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From Wikipedia, the free encyclopedia

Apex Light as it appeared in 1974
Apex Light as it appeared in 1974
The more modern installation (taken in 2010)
The more modern installation (taken in 2010)

Trent Falls is the confluence of the River Ouse and the River Trent which forms the Humber between Lincolnshire and the East Riding of Yorkshire in England.

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Transcription

Location

The River Ouse flows to the east where it turns into the Humber, and the River Trent flows northwards. It curves to the east near the confluence, although this is largely engineered, rather than natural. A training wall was built on the western bank of the Trent after the First World War, in an attempt to keep the channel in a known position. The rivers deposit large volumes of silt in this area, and charts for coastal shipping have to be updated monthly, but for smaller vessels, the channel can be considered to be reasonably static.[1]

Despite the training wall and a mini-lighthouse called 'Apex Light' which is situated at the end of the wall,[1] navigation at Trent Falls is not simple. There are no real waterfalls, but there is a very rapid race of water at difficult stages of the tide (especially spring tides), and there is a tidal bore on the Trent (the Trent Aegir). Boats coming down one river with an ebbing tide often have to wait several hours (sometimes beached on the sand, and sometimes overnight) until the tide turns and the flood can carry them up the other river.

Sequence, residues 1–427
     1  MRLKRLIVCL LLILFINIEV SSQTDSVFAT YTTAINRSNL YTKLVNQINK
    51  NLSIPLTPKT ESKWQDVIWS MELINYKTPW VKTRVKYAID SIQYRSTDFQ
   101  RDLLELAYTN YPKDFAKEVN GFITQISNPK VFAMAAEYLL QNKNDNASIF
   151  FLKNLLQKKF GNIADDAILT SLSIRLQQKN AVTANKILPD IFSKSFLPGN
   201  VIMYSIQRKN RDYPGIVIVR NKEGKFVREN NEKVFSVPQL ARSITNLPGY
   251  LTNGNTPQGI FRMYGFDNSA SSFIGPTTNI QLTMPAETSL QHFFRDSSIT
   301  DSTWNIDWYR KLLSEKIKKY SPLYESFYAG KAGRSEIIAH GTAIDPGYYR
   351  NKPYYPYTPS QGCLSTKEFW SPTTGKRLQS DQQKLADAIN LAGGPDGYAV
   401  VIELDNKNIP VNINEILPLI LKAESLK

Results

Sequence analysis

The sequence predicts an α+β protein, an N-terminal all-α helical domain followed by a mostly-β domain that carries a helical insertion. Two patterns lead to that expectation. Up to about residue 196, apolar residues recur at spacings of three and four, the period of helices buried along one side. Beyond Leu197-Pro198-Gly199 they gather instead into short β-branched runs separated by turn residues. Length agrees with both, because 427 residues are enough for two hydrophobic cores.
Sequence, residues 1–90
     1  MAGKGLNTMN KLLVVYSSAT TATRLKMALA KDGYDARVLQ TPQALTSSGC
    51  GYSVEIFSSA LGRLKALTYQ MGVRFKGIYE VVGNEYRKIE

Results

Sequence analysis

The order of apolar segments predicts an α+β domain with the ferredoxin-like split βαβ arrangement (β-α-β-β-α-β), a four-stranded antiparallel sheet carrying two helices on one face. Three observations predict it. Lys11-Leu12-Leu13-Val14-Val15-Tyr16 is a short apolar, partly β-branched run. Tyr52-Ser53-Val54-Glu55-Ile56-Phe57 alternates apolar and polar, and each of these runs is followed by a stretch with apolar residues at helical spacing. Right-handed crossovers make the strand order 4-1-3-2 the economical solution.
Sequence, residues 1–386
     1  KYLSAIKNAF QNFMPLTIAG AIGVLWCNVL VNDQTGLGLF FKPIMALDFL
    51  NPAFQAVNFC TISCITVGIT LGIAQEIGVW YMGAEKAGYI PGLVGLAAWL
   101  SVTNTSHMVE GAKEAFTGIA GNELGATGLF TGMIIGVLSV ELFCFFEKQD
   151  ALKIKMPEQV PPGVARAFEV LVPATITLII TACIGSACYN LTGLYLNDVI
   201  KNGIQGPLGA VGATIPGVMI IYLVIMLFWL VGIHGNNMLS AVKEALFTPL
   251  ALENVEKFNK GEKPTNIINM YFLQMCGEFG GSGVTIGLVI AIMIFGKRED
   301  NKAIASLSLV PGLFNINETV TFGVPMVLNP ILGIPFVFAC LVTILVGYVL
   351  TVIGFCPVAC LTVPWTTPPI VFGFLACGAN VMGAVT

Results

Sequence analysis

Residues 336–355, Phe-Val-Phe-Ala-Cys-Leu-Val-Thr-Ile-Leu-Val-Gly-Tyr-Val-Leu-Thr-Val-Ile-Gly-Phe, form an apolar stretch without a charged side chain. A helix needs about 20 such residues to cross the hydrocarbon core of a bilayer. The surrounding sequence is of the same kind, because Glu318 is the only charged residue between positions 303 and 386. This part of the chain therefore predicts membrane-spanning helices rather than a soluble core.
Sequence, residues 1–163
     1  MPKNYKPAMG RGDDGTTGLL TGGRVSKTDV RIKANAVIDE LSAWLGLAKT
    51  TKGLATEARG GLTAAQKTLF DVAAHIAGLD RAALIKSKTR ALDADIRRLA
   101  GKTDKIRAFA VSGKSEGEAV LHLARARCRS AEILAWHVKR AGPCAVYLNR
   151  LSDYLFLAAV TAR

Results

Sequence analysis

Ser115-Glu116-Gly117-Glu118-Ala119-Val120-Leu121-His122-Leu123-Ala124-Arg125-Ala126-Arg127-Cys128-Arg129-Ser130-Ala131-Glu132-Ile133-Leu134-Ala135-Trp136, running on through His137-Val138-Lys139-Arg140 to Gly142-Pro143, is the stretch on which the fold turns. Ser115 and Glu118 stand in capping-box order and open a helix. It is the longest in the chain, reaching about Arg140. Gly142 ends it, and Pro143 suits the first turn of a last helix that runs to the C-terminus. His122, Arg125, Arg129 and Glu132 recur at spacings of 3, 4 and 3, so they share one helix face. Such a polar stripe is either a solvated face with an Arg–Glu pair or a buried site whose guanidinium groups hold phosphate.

The RSPB's Blacktoft Sands nature reserve lies immediately upstream of the Falls, on the south bank of the Ouse. It is formed from the largest tidal reedbed in England, and is visited by 270 species of birds, including breeding pairs of bearded tits, bitterns and marsh harriers, for which it is of national importance.[2] Overlooking Trent Falls from a hill a mile away to the east is Julian's Bower, an ancient turf maze on the edge of the Lincolnshire village of Alkborough. It dates from at least 1697, when Abraham de la Pryme recorded it, although the reasons for its creation are now uncertain.[3]

Bibliography

  • Nicholson (2006). Nicholson Guides Vol 6: Nottingham, York and the North East. Harper Collins. ISBN 978-0-00-721114-2.

References

  1. ^ a b Nicholson 2006, pp. 164–165
  2. ^ "About Blacktoft Sands". RSPB. 10 April 2012. Retrieved 21 April 2012.
  3. ^ "Julian's Bower". Stone Circles. Retrieved 21 April 2012.
This page was last edited on 20 December 2018, at 16:06
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